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New Documentary Asks, 'Why Do We Educate Our Kids?'26:02Download

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Why does our education model -- with separate subjects, bells, drills and memorization -- date back to 1893? (David Barnas/Flickr)MoreCloseclosemore
Why does our education model -- with separate subjects, bells, drills and memorization -- date back to 1893? (David Barnas/Flickr)

Any discussion about education reform can sometimes feel frustrating and repetitive. And, because these conversations can get repetitive, it feels as if we haven't made much progress in really defining what education should be for the 21st century.

Part of the problem is that everyone has a favorite villain in this fight. Some people say charter schools are the problem! Or, teachers unions are the villain! Or, it's standardized tests and the Common Core! Or, it's lack of money, parents who don't care, billionaires who care too much, lazy students, globalization, rising China, college tuition costs, etc.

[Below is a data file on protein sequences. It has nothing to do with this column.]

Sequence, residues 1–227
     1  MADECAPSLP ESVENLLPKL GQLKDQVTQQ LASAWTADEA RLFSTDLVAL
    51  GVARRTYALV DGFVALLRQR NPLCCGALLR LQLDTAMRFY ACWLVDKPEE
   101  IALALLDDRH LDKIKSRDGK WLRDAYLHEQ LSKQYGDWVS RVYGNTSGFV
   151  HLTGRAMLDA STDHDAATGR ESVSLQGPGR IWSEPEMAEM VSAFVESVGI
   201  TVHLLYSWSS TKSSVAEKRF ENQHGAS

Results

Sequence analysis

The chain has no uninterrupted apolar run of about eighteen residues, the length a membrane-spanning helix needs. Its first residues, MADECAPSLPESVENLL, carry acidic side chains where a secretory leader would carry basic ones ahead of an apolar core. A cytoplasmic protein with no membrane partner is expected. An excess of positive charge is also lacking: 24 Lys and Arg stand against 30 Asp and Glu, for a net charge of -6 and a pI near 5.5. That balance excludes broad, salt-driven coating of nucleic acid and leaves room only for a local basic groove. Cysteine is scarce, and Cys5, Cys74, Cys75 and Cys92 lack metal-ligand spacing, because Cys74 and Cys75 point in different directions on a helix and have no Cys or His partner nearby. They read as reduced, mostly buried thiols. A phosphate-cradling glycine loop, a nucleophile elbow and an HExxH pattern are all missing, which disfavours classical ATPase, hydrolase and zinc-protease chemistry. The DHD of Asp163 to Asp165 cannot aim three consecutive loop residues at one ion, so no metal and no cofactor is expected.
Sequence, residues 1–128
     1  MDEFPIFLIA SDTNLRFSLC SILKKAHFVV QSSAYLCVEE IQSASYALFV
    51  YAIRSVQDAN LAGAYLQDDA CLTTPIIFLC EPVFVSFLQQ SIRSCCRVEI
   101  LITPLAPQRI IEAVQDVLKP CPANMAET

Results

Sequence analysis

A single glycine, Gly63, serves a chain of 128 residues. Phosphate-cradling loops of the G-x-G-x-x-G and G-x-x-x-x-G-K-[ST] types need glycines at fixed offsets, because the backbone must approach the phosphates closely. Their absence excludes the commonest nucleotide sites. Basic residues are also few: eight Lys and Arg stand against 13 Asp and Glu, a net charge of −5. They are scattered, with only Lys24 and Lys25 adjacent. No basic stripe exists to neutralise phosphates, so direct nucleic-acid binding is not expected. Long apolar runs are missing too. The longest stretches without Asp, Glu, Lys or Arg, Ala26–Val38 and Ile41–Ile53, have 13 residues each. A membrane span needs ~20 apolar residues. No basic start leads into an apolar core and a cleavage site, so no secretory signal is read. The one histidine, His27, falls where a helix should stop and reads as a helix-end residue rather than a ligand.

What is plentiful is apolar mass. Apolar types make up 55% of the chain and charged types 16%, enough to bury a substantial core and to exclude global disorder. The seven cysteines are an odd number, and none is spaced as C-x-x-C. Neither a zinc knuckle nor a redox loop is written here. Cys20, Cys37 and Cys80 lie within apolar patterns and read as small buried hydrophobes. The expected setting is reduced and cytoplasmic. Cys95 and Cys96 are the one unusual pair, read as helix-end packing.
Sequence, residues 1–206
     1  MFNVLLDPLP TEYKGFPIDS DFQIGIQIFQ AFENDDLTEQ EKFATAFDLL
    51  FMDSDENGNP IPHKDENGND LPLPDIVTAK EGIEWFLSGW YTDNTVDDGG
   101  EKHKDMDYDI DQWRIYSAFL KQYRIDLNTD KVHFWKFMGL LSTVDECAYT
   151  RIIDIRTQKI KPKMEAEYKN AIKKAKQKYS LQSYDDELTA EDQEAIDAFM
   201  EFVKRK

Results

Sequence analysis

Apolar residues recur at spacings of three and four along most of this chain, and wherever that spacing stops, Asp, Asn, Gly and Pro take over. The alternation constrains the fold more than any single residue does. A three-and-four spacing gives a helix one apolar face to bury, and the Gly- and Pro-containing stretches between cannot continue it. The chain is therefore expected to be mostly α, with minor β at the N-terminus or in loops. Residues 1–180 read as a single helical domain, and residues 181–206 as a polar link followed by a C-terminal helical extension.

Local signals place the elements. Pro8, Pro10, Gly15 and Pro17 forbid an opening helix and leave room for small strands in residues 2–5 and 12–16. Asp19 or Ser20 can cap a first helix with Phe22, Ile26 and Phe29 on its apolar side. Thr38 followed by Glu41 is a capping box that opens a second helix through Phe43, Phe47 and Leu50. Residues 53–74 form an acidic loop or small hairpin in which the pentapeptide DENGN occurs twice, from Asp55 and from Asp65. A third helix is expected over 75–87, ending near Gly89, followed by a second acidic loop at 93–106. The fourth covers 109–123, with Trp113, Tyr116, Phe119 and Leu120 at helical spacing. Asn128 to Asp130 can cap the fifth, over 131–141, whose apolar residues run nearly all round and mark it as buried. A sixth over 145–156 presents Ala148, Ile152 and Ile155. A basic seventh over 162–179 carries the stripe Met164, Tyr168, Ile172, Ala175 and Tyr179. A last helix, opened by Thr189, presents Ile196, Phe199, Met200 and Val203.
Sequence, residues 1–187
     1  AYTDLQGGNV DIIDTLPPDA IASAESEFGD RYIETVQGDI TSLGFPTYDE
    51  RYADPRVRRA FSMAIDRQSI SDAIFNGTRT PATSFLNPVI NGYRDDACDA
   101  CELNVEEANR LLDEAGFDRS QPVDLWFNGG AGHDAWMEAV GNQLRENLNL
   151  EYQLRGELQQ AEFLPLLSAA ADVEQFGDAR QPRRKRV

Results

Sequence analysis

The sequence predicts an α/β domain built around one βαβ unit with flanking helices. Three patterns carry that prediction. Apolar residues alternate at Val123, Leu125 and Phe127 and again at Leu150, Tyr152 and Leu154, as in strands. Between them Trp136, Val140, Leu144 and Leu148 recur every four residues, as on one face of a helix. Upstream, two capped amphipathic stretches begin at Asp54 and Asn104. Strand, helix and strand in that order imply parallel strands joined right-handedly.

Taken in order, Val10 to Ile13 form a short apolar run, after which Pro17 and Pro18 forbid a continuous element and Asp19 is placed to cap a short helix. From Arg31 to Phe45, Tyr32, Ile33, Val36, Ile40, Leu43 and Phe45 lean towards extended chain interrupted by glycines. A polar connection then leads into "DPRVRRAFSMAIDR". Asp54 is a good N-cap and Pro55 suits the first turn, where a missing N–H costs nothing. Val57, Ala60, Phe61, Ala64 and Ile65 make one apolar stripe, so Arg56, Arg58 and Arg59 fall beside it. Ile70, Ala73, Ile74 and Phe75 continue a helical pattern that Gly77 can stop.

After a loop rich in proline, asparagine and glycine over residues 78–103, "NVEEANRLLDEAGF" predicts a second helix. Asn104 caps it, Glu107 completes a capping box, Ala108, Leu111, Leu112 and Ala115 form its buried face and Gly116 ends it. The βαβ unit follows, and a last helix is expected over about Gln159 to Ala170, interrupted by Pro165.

But, if fingers are being pointed in every direction when it comes to education reform, maybe there's something fundamentally wrong with the entire system itself. Maybe we ought to completely rethink why we educate our kids in the first place.

That audacious idea is where the new documentary "Most Likely to Succeed" begins.

Guest

Ted Dintersmith, executive producer of "Most Likely to Succeed." He tweets @dintersmith.

Jesse Solomon, executive director of the Boston Plan for Excellence. He tweets @jgsolomon.

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The Boston Globe: Overturning The Old Model Of Education

  • "Schools today are based on an education model dating back, somewhat incredibly, to 1893. Late in the 19th century, the far-sighted 'Committee of Ten' anticipated the profound shift in our economy from agriculture to manufacturing. They stepped up to transform education in our country from one-room schoolhouses to our current factory model."

This segment aired on October 8, 2015.

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